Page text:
Break the cycle 4


The sport of bodybuilding is young, habits and practices are even more easily perpetuated because our population is small, and training history is so brief. Ronnie Coleman walked into a gym one day that was known for being hardcore, so he started using hardcore exercises, and they worked for him. So why try anything else? What if instead of barbell rows on back day he chose dumbbell rows or a machine row instead as his main rowing exercise? Who’s to say his back would not be as impressive—or even more impressive—with less effort and fewer spinal surgeries? Unfortunately, that study or comparison isn’t exactly practical or realistic.


Could these individuals have put on muscle faster? It’s a question we’ll never really know the answer to. They got big fast—relative to what we consider fast. Is it realistic to assume they could not have possibly put on muscle any faster? The only reasonable answer is “of course not.” I don’t think anything, in any realm, at this point in human history, has reached its pinnacle—medicine, tech, or bodybuilding.


Break the cycle 2


Luckily, we have a definitive answer to this. Of course it wasn’t really lucky at all—there are many famous injuries that occurred along the way to Mr. O titles. Were these necessary? Are a torn biceps or vertebral/ disk issues a requirement to growing a big back? Of course not. And what about all the less famous injuries bodybuilders accept as the norm? As if some form of “-itis” is required to grow muscle. If this were true, every bodybuilder with a large, evenly developed physique would have pain in every bit of connective tissue, in every joint attached to their large muscles. The fact that it occurs only in some connective tissue, with some muscles, proves it’s not required to grow muscle. Not to mention most likely symptomatic of an underlying cause.

So what causes injuries? Overuse? Load (lifting heavy)? I do not believe there is a set usage limit (volume) or load at which things just break. That would be fairly arbitrary, at best—these factors are things that can just accelerate the underlying cause. Misdirected tension. Our bodies and joints have an intended design or use—for example, the hinge joint is designed to handle load in specific planes of motion, the planes the attached limbs move through. While our bodies are resilient, misapplied load over time (accelerated by the load and volume associated with bodybuilding, a truly extreme amount relative to the norm) can result in wear and inflammation.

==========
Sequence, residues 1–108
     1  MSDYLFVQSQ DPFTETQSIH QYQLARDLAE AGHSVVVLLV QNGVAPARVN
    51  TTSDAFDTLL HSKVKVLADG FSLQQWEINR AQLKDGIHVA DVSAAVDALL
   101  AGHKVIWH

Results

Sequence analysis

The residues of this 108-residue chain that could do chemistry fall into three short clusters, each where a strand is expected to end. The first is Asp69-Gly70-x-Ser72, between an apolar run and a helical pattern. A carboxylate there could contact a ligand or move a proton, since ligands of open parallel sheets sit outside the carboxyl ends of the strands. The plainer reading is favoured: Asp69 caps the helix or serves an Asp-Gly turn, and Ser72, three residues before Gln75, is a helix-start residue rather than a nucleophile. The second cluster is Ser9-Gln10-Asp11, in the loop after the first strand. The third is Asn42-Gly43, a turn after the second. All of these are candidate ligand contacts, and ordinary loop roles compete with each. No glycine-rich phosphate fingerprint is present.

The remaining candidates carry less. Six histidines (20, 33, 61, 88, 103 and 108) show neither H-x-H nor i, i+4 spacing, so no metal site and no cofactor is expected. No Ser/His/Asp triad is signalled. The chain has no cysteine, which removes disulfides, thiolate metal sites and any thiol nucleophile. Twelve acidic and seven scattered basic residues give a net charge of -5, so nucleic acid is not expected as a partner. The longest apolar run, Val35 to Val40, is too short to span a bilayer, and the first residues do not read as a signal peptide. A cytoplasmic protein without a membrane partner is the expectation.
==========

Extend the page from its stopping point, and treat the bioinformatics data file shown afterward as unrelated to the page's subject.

The fix: Avoid or modify the arbitrary. Your body, structure, and joints are unique. Applying the same exercises, the same way, to everybody makes no sense. Instead, understanding training goals and finding appropriate ways to apply load to your body, adhering to your structure and joints, can theoretically help you completely avoid injuries. Or at least drastically reduce the occurrence.

Break the cycle 5


Efficiency is really the combination of the above two: Are we putting muscle on as fast as possible and injury-free? Definitely not. The fact that bodybuilders are still getting bigger and bigger implies that we can always grow and develop faster. The fact that injuries are still prevalent in some but not all also implies we can still apply the loads more efficiently.


The point is to think, not to have your workouts guided by emotions or tradition. Analyze your actions in the gym and ask yourself, “Does this truly work for me?” The physical differences from individual to individual are vast, and I would argue the adjustments and “modifications” applied to exercises should be just as vast (even as simple as an adjustment in grip, stance, or range of motion). The truth is, achieving your best physique is not about specifics. It will never be a specific exercise or workout. Rather, it’s about having the right thought process. You can always be better, and your exercises, form, and effort can always improve.